A recently published standard is the first of its kind – in more ways than one. From the International Organization for Standardization (ISO), ISO 22679 is the first-ever international transcatheter cardiac occluder standard. One of more than 24,000 standards prepared by ISO, the new cardiac occluder standard is also the first such medical device standard to be based on a standard from China.
Director of Standards for the Association for the Advancement of Medical Instrumentation (AAMI) Cliff Bernier (recently retired) ran the ISO technical subcommittee for Cardiovascular Implants and Extracorporeal Systems (TC 150/SC 2) that developed the standard.
“We were approached by the Chinese delegation, who already had a standard on cardiac occluders, and then wanted to bring it up to the ISO level and make it an international standard,” he explained. “They offered their document to TC 150/SC 2 … and were very involved.”
Another first for the new standard? It was the first one convened by Dr. Bobak Mosadegh, associate professor of biomedical engineering in radiology at Weill Cornell Medicine’s Dalio Institute of Cardiovascular Imaging.
“I think during the first meeting [I attended] my colleague Simon Dunham and I were asked if we would act as conveners for that meeting,” Mosadegh said. “I think because we were maybe the only academic professors there, we [appeared] very non-biased. And even though we felt like we knew nothing, we [joined] to learn … We very much acted like mediators and project managers, and it went very well. They eventually asked us to stay on, and I became the convener and Simon became the co-chair for the working group.”
The most important first, of course, is the standard itself. While cardiac occluders have long been used, there has never been a formal standard for them in the Western world. “It was news to us that there was a standard and that there was a will to further develop it and make it international,” Bernier said.
Bernier explained that while there have been standards for numerous other cardiac devices – the cardiac valve standard, for example, was one of the earliest standards developed – cardiac occluders have never garnered much attention. The devices are incredibly simple, he noted, which may have been part of the reason for cardiac occluders not getting their own standard until now. However, between the Chinese standard being introduced and the FDA suggesting an occluder standard in the U.S., the time was right for ISO 22679.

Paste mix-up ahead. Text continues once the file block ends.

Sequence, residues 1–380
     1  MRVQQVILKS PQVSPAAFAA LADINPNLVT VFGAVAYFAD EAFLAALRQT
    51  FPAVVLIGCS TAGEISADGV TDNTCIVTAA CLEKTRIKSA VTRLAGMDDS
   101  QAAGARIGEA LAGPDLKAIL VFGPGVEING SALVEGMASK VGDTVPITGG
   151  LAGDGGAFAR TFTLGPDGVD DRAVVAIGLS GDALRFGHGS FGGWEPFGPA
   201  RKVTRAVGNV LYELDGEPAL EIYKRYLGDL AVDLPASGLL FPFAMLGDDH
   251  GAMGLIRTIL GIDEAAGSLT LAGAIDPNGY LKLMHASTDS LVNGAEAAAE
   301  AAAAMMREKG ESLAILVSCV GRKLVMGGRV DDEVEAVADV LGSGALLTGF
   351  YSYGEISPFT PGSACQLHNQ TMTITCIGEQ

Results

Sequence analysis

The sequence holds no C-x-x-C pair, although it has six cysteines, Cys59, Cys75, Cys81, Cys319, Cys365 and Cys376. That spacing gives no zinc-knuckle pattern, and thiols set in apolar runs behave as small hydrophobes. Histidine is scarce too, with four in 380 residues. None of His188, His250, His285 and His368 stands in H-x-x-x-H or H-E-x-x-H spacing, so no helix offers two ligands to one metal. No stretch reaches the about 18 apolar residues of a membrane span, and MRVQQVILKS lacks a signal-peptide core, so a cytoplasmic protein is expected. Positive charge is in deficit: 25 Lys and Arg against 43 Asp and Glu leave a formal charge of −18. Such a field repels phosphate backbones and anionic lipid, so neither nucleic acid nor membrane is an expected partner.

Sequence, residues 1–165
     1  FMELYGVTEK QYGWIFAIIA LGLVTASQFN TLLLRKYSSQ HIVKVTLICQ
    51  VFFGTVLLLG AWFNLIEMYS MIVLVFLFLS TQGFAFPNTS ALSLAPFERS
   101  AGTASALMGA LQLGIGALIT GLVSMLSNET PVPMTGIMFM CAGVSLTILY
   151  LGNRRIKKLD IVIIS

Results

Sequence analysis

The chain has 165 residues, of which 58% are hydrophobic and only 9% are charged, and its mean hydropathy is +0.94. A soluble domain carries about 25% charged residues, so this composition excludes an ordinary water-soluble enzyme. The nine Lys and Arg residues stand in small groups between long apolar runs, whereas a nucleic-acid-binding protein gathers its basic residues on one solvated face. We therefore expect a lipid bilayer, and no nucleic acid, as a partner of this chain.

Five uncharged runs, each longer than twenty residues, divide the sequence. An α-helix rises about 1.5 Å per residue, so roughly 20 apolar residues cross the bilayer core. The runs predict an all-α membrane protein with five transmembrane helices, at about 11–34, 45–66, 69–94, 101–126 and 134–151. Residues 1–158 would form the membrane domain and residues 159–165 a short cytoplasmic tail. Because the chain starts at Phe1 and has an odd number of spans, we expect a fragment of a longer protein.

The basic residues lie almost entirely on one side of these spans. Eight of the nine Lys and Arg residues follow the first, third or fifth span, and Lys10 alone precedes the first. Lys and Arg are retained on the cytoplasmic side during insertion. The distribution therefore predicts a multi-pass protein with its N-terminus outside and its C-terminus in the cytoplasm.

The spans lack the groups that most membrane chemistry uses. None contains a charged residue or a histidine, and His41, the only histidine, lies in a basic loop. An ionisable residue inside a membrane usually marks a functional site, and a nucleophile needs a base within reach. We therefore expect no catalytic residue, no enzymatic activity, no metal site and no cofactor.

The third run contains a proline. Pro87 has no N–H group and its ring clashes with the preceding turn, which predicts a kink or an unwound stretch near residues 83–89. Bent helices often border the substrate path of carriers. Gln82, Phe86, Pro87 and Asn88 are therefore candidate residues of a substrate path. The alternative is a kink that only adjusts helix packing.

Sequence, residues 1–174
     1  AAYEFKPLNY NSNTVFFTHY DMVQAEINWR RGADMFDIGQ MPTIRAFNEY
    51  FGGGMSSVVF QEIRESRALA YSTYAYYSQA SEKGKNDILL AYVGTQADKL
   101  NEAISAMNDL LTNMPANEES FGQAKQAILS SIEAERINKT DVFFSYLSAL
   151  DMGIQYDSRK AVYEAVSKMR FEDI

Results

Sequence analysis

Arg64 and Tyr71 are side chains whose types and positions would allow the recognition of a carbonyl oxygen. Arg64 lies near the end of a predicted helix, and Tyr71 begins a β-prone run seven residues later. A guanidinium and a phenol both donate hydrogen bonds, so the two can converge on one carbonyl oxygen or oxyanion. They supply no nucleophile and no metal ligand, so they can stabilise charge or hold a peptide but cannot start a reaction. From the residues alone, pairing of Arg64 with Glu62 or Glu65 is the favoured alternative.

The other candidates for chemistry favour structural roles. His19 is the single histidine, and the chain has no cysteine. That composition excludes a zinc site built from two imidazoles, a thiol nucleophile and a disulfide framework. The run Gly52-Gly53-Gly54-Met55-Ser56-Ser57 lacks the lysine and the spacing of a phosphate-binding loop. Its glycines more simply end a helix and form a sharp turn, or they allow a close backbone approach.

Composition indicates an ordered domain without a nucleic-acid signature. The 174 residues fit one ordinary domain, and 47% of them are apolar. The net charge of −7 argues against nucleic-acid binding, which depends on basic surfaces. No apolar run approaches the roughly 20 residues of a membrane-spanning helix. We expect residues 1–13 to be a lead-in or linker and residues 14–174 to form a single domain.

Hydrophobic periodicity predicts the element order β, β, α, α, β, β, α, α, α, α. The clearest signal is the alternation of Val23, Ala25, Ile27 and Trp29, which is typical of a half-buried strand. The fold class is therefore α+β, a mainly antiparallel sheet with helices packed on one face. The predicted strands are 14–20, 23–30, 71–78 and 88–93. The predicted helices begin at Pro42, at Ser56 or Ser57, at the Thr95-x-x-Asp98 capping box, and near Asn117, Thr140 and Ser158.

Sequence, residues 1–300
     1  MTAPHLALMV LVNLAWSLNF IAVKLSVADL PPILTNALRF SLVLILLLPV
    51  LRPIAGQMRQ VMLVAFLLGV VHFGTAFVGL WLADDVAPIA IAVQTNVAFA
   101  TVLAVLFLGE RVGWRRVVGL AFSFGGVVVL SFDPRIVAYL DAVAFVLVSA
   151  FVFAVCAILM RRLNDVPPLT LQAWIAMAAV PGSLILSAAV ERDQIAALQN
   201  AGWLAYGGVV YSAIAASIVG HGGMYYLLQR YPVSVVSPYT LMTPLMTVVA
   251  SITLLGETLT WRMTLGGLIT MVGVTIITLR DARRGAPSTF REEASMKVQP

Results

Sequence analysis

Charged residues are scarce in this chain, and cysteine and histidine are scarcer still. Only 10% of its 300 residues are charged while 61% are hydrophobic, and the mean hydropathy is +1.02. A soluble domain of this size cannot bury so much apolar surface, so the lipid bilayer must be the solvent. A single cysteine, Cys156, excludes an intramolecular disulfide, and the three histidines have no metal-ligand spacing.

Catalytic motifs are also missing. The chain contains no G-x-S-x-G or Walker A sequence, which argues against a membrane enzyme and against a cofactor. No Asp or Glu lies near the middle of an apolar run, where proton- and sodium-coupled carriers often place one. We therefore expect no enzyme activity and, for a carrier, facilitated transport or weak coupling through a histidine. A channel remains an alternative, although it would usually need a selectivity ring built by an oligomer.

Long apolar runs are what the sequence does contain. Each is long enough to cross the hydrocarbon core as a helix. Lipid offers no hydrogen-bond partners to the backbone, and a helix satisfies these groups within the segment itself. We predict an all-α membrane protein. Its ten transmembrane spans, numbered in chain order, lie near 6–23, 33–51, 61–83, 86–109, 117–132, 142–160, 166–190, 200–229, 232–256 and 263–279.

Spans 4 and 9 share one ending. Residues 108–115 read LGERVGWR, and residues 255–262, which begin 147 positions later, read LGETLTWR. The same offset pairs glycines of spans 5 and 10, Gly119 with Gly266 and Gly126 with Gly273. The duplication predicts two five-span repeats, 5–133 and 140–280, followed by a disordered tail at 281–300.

The process of developing the standard began in October 2017, when the project was officially proposed. Like many ISO standards, the proposal officially came from a country – in this case, China – though other standards have been proposed by device manufacturers, federal agencies or even the ISO’s secretariat. Often, Bernier noted, issues will be raised by an ISO working group, and then the secretariat will review the issue and, assuming it doesn’t raise any red flags as an attempt at a company to secure market domination, move it along to an official ISO project.
“The countries that have manufacturers that develop [medical devices] are usually more than happy to engage in standards work, so there hasn’t been a lot of contention,” Bernier said. “If there’s going to be a standard [countries and companies] want to be at the table to make sure nothing happens that’s going to compromise their product. There are always varying interests at the table … and they all bring their perspectives and requirements.”
However, both Bernier and Mosadegh said the cardiac occluder standard went through a very smooth process.
The Chinese standard, which formed the basis of the final standard, was translated and placed into the format of the ISO’s cardiac valve standard so it could be easily organized and drafted from its skeleton form. Once that happened, one of the biggest debates was about whether there should be a clinical section of the standard. Luckily, said Mosadegh, a new member, Dr. Monica Tocchi, medical director of Meditrial, happened to be a physician, and she offered the answer the group needed.
“She said, ‘Hey, you know what? You have to have a clinical section, and I’m going to go out and find a bunch of clinicians to come in and be part of a sub working group within this working group,’ and she did,” he explained. “Within a matter of days, we had a list of five or six people who, through both Zoom calls and in-person meetings, were able to generate the clinical section of the standard.”
“It was a huge contribution that I think really made the standard well-rounded,” Mosadegh added. “It has really good guidance for medical device manufacturers, engineers and the clinicians.”
With all the pieces in place, the standard as now published covers all the necessary practitioners who are involved in the design, development and use of cardiac occluders.
As Mosadegh explained, “This standard emphasizes risk management for all steps of producing a cardiac occluder, including all three stages of in vitro, preclinical, and clinical testing, and packaging, labelling, and sterilization. Furthermore, comprehensive informative annex sections are provided for topics such as hazard analysis, specific testing methods, pediatric devices, imaging protocols, delivery system evaluations and training.”
Mosadegh and Bernier consider the final publication of the document a huge success. “It’s a big sense of accomplishment,” Bernier said. “It’s a good product, a good standard and the world is safer for it. That’s a good feeling.”
The new standard can be found in full at iso.org.
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